Implementation of U.S. Bilateral Free Trade Agreements with Latin America and Chile
Statement of Willard A. Workman, Senior Vice President, International, U.S. Chamber of Commerce - Testimony before the Subcommittee on Tax, Finance and Exports of the House Committee on Small Business on "The Chilean Free Trade Agreement: Opening Doors to South American Markets" on behalf of the U.S. Chamber of Commerce
June 12, 2003
Mr. Chairman, thank you for inviting me to appear before this panel today. I am Willard Workman, Senior Vice President for International Affairs at the U.S. Chamber of Commerce, which is the largest business federation in the world. Representing nearly three million companies of every size, sector, and region, the Chamber has supported the business community in the United States for nearly a century.
Small businesses not only make up the majority of the membership of the U.S. Chamber of Commerce, but are also a critical engine for economic growth in communities throughout the United States. As such, we are active and ardent proponents of enhanced trade opportunities for this nation's small businesses.
As part of that mission, the U.S. Chamber of Commerce works with regional affiliates such as the Association of American Chambers of Commerce in Latin America (AACCLA) and the Chilean-American Chamber of Commerce (AmCham Chile) to promote greater opportunities for small businesses in Latin America and Chile. In our view, the U.S.-Chile Free Trade Agreement is a landmark agreement that, as part of a comprehensive agenda of worldwide trade liberalization, will help slash trade barriers for U.S. exports, enhance protections for U.S. investment, and strengthen the competitiveness of American companies — both big and small — throughout the world. We believe it is an agreement worthy of your support.
The Bracing Tonic of TPA
America's international trade in goods and services accounts for nearly a quarter of our country's GDP. As such, it is difficult to exaggerate the importance of the victory obtained last summer when the Congress renewed Presidential Trade Promotion Authority (TPA). When President George W. Bush signed the Trade Act of 2002 into law on August 6, it was a watershed for international commerce. As we predicted, this action by the Congress has helped reinvigorate the international trade agenda and has given a much-needed shot in the arm to American businesses big and small, and by extension workers and consumers struggling in a worldwide economic slowdown.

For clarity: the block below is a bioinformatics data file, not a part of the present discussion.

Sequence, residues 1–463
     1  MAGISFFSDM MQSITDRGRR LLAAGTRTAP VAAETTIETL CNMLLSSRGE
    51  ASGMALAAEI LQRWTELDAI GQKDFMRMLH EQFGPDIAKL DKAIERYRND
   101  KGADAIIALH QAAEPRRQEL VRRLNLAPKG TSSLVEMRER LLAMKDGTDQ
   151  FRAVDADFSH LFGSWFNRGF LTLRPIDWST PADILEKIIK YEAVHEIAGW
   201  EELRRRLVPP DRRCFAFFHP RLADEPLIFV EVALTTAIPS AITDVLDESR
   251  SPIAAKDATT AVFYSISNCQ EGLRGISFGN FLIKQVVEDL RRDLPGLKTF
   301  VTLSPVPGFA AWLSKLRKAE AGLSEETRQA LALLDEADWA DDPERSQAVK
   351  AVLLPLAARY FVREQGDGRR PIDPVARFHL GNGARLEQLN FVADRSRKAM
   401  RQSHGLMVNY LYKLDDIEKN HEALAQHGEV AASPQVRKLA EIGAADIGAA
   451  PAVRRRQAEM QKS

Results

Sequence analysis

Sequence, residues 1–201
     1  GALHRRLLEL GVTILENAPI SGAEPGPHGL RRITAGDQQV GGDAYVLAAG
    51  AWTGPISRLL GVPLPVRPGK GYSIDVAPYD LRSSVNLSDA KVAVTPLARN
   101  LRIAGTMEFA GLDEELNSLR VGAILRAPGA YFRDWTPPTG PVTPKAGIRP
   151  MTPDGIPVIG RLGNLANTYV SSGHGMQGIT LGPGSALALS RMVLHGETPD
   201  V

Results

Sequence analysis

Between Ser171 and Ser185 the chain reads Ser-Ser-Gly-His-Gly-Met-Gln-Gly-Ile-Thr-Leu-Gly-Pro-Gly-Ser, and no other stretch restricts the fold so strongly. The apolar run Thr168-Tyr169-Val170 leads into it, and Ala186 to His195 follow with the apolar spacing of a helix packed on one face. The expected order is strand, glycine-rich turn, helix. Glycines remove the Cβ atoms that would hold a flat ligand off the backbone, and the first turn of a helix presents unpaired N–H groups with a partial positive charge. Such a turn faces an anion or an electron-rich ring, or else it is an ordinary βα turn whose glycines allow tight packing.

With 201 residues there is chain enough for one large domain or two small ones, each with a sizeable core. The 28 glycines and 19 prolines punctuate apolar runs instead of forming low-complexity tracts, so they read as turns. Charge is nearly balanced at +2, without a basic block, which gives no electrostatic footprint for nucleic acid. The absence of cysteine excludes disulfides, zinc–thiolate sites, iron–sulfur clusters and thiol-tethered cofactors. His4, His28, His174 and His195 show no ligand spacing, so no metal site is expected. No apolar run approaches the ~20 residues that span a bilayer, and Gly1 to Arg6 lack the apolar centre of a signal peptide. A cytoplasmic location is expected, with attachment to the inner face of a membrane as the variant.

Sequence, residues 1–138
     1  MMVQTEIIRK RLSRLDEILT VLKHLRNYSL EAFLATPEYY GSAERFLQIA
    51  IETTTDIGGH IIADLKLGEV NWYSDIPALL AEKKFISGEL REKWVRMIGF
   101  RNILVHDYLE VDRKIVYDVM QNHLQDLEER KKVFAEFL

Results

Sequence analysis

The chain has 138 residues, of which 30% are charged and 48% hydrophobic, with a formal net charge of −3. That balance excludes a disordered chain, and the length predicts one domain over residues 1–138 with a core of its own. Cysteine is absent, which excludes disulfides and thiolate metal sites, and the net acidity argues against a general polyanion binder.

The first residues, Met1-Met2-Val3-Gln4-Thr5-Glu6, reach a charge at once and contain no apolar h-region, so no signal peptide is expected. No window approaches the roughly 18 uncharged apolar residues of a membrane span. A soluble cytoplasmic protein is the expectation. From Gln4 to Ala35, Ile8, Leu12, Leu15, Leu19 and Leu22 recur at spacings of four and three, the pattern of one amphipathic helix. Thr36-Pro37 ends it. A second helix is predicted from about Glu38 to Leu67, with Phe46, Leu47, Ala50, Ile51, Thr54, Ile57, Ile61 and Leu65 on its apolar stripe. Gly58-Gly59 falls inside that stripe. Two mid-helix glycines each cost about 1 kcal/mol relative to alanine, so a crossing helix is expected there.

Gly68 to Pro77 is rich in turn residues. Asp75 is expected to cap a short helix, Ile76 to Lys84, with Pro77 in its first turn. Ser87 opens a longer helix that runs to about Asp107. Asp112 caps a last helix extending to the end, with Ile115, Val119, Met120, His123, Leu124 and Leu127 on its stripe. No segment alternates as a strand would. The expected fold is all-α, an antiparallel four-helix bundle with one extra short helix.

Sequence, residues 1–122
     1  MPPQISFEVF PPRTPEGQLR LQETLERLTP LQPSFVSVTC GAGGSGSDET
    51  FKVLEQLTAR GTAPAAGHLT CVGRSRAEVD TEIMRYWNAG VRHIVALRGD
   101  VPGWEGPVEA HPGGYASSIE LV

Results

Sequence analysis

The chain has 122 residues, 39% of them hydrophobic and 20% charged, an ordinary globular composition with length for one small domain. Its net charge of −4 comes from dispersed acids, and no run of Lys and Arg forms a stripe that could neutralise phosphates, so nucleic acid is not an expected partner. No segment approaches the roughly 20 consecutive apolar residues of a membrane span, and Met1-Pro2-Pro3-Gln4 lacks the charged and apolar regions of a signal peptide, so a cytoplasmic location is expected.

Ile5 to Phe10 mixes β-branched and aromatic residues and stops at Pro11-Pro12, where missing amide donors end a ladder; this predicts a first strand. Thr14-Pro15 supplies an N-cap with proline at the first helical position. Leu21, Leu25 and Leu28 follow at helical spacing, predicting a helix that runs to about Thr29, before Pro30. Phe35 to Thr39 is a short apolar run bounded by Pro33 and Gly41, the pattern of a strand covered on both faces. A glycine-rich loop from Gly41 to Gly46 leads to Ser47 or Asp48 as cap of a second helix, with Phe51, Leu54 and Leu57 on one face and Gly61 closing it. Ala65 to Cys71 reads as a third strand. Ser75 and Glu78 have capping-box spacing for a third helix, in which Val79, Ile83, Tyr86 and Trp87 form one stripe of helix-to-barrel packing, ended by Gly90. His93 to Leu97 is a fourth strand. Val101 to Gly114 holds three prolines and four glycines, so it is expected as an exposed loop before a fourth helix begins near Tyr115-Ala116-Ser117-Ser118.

When TPA lapsed in 1994, the U.S. was compelled to sit on the sidelines while other countries negotiated numerous preferential trade agreements that put American companies at a competitive disadvantage. Last year, during our aggressive advocacy campaign for approval of TPA, I believe many members of Congress grew tired of hearing that the U.S. is party to just three of the roughly 150 free trade agreements in force today.
The passage of TPA allowed the United States finally to complete negotiations for a bilateral free trade agreement with Chile in December. Along with the Singapore agreement that followed in January, these are the first significant free trade agreements negotiated by the United States since the NAFTA.
The Chile agreement shows that the international trade agenda is moving forward again. The fact that no products were excluded from the agreement's market access commitments shows that the United States can and does practice what it preaches on free trade. The U.S.-Chile Free Trade Agreement raises the bar for rules and disciplines covering a host of economic sectors from services and government procurement to e-commerce and intellectual property. It also raises the bar for future trade agreements, including the Free Trade Area of the Americas (FTAA).
One factor adding urgency to our request for quick Congressional action on the agreement with Chile is the heightened competition U.S. companies — and small businesses in particular — face in the Chilean marketplace. In this sense, Chile is an example of how the world refuses to stand still, and how American business will lose its competitiveness without an ambitious program of trade expansion.
Chile is one of Latin America's most open and fastest-growing economies. The country's legal system and commercial environment are widely regarded as the most stable and transparent in the region. And Chile offers many opportunities to U.S. small businesses. Passing and implementing the U.S.-Chile Free Trade Agreement is the right way to support our small businesses by enhancing those opportunities.
Let me illustrate. Many of you know that Chile's free trade agreement with the European Union came into force on February 1. On that day, tariffs on nearly 92% of Chilean imports from the EU were eliminated. Consequently, it is not surprising to note that Chilean imports from the EU expanded by 30% in the year ending in February 2003, whereas Chilean imports from the United States grew by less than 6%. Chilean imports from Germany grew by 47% and those from France grew by 41% in the same period.
The reason is simple: While U.S. exporters wait for a free trade agreement, our exports to Chile continue to face tariffs that begin at 6% and, for some products, range much higher. The direct result is that European companies are seeing their sales in Chile rise five times as quickly as those of U.S. firms. With a U.S.-Chile Free Trade Agreement, we could level the playing field for small businesses in communities throughout the United States.
Gauging the Benefits
How might the U.S.-Chile Free Trade agreement benefit small business in the United States? There is a strong economic argument to be made for free trade agreements. As U.S. Trade Representative Robert Zoellick has pointed out, the combined effects of the North American Free Trade Agreement (NAFTA) and the Uruguay Round trade agreement that created the World Trade Organization (WTO) have increased U.S. national income by $40 billion to $60 billion a year. Thanks to the lower prices that these agreements have generated for such imported items as clothing, the average American family of four has gained between $1,000 to $1,300 from these two pacts — an impressive tax cut, indeed.
From a business perspective, the following are a few examples of specific market-opening measures in the U.S.-Chile Free Trade Agreement, provided here to give some insight on how U.S. companies stand to benefit: